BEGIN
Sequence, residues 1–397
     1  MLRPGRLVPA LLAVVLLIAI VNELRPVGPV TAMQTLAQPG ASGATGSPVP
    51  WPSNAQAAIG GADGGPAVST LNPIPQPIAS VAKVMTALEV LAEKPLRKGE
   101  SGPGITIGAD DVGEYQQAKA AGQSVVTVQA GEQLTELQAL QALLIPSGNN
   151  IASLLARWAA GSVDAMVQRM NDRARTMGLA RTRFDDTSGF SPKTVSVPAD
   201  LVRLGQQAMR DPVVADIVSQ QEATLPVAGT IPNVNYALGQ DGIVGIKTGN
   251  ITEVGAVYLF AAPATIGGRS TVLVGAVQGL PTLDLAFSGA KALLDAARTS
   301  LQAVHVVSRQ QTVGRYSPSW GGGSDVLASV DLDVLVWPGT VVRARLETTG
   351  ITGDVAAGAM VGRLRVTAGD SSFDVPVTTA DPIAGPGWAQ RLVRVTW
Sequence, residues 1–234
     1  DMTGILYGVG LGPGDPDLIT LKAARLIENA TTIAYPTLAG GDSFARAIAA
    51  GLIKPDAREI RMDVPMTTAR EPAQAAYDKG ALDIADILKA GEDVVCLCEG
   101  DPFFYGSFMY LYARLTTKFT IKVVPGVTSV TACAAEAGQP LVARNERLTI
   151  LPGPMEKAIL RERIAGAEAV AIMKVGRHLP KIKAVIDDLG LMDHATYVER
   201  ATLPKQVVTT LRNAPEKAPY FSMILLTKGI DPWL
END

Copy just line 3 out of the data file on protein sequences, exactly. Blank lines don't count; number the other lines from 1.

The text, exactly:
    51  WPSNAQAAIG GADGGPAVST LNPIPQPIAS VAKVMTALEV LAEKPLRKGE